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Risk Factors for Anxiety

What causes anxiety, and what makes certain people more susceptible to it? Researchers don’t know what the exact causes are, but they have identified a few factors that make you more or less likely to develop an anxiety disorder:

  • Chronic or new illness A major ongoing health condition or diagnosis can lead to anxiety.
  • Stress The strain of issues with family, finances, the workplace or school can cause someone to show symptoms of anxiety.
  • Genetics If people in your family have anxiety issues, you’re more likely to have anxiety yourself.
  • Drugs and alcohol If you use drugs or alcohol, your risk of anxiety is higher.
  • A traumatic experience Your risk of anxiety increases when you’ve witnessed or experienced a traumatic event.

Preventing Anxiety

If you’re concerned that you could become a victim of anxiety, there are ways to lower your risk. Here are some preventative measures you can take.

  • Eat a healthy diet. Anxiety can be affected by nutrition, chemical balances and hormones, so eating right is important for improving and stabilizing your overall mood.

  • Take time every day to unwind. Spend at least a few minutes every day taking a walk, observing nature, listening to relaxing music or doing another quiet activity that you enjoy.

  • Avoid substances such as caffeine, alcohol and sugar. Certain substances make the symptoms of anxiety worse, so reduce or eliminate them from your diet.

  • Connect with people. Have some friends over, or go out and do something fun with your loved ones. Volunteer. Get involved in your community. By spending time with others, you can reconnect with what’s meaningful in life and focus your attention away from things that can trigger anxiety.

Drawing illustrating that 40 million people experience anxiety in America
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Parents’ Corner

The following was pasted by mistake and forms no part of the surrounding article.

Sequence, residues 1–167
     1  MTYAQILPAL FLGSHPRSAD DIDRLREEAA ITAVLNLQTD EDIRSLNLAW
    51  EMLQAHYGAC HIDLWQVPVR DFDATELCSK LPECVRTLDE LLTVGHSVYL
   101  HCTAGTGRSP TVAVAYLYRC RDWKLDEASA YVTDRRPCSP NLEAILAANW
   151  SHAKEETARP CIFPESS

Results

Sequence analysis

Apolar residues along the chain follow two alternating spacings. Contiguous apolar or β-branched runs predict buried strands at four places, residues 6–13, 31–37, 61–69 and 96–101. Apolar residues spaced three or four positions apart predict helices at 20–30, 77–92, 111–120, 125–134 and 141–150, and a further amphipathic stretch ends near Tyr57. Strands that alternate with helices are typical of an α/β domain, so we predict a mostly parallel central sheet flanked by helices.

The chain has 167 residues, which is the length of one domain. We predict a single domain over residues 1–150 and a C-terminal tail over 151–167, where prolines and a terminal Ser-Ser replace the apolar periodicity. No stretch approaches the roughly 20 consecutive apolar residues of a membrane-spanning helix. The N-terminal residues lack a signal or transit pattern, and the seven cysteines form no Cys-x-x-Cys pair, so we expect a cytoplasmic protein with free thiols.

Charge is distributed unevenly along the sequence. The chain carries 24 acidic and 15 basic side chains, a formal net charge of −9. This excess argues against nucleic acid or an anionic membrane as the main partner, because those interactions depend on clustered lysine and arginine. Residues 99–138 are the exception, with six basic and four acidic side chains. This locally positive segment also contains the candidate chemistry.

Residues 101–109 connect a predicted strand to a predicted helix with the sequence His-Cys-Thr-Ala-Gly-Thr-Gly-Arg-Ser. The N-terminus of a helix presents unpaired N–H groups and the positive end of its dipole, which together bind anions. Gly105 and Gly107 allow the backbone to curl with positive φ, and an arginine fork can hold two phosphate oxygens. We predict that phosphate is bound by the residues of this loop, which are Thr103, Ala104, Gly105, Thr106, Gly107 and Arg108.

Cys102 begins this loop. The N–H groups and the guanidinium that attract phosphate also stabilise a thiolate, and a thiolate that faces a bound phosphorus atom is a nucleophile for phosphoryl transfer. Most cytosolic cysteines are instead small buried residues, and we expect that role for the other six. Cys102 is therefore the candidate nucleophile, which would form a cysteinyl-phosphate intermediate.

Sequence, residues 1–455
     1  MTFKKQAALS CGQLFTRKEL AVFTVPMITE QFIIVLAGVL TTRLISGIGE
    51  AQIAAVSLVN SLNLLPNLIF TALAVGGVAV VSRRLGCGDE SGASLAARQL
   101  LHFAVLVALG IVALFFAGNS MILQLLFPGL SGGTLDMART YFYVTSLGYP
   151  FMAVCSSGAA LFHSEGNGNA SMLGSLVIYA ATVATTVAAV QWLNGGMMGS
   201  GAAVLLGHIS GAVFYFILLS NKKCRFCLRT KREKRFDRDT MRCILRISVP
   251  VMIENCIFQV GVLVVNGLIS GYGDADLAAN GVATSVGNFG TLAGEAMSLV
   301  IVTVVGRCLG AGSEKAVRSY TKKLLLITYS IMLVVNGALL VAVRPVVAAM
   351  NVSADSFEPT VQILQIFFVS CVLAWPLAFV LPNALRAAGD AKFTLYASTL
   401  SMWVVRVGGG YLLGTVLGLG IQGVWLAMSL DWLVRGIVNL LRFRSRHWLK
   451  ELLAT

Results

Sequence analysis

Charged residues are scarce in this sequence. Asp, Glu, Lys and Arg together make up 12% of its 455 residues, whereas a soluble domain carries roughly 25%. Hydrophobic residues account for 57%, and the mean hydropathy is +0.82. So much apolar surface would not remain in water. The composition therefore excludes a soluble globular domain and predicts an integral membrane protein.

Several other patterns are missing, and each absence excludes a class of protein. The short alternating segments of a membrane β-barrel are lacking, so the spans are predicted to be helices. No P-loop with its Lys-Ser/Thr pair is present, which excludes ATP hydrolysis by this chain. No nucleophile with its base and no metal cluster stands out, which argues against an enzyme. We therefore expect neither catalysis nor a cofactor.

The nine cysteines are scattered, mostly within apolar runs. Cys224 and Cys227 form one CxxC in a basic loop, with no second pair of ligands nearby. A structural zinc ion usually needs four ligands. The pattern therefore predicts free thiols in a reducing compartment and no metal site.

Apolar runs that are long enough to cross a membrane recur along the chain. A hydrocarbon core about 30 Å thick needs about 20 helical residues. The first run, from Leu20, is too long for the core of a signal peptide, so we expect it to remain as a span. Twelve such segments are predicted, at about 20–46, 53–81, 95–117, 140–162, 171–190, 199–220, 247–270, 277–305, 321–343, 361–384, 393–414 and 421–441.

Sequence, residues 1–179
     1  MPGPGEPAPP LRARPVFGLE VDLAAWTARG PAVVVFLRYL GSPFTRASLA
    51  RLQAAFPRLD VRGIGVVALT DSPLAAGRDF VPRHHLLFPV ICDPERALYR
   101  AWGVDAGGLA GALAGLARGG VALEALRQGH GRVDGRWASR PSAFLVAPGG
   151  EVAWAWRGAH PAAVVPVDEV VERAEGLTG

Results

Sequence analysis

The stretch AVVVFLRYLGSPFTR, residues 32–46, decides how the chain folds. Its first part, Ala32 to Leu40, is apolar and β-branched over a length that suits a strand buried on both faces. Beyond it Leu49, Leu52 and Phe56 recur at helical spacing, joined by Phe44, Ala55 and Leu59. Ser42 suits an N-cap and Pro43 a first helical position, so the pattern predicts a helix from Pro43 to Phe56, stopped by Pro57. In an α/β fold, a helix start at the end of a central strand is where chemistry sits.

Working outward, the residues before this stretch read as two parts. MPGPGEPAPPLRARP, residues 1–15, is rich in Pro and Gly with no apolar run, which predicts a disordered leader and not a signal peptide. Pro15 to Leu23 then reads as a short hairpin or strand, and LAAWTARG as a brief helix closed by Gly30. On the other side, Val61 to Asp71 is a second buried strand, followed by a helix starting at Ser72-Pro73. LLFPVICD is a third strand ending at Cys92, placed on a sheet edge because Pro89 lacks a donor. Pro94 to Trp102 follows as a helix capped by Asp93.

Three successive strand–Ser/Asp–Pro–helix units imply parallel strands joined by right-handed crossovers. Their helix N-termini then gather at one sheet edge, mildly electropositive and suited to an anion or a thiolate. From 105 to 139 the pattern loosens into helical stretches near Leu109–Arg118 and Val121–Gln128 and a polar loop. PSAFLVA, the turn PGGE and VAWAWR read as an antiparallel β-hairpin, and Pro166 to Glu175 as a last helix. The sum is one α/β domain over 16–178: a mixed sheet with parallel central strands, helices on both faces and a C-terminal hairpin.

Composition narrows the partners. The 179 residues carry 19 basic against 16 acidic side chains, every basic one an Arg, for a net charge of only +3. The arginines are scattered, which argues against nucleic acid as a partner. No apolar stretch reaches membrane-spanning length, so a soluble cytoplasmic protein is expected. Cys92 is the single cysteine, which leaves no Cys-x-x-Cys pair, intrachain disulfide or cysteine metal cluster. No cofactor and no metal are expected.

There are simple, yet effective ways to help manage your anxiety on a daily basis:

Go Outside

Studies show that natural light can help improve mood. Walking barefoot can help ground the body.

Practice Mindfulness

YouTube has excellent guided meditations to follow. If sitting still proves too difficult, active meditations can be more helpful.


Breathe in for count of 5, hold for 5, exhale for 5 to release muscle tension.

Connect to Your Senses

Another grounding exercise, label 5 things you see, 5 things you hear, 5 things you feel, 5 things you smell. Continue with 4, then 3 until you reach one.


20 minutes every few days can work wonders.

Avoid caffeine, alcohol and drugs

Too much caffeine can make anxiety worse, and use of alcohol and substances may help alleviate anxiety in the moment, but often makes anxiety worse in the long run.

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We’re available 7 days a week to help answer any questions you may have.

Long-term Health Effects

  • Digestive Issues
  • Respiratory Problems
  • Depression
  • Insomnia
  • Heart Disease/Heart Attack
  • Loss of Sex Drive/Infertility Issues
  • Chronic Pain Conditions
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What to do if You’re Struggling With Anxiety

If you’re concerned that you have symptoms of an anxiety disorder, here are some things you can do:

  • Talk to your primary care physician. Since anxiety can have physical causes, your primary care physician can help you eliminate other possible causes and manage its symptoms.
  • Talk to us. Sandstone Care provides a safe space where you can get the resources and support you need to manage the issues that are overwhelming you. We’re available seven days a week to help you with any questions you have.

Our goal is to help you address your anxiety’s underlying causes so that you can relax and enjoy life again. With support and treatment, you can overcome anxiety and start being your best, happiest self.

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Let’s Take the Next Steps Together

We understand taking the first step is difficult. There is no shame or guilt in asking for help or more information. We are here to support you in any way we can.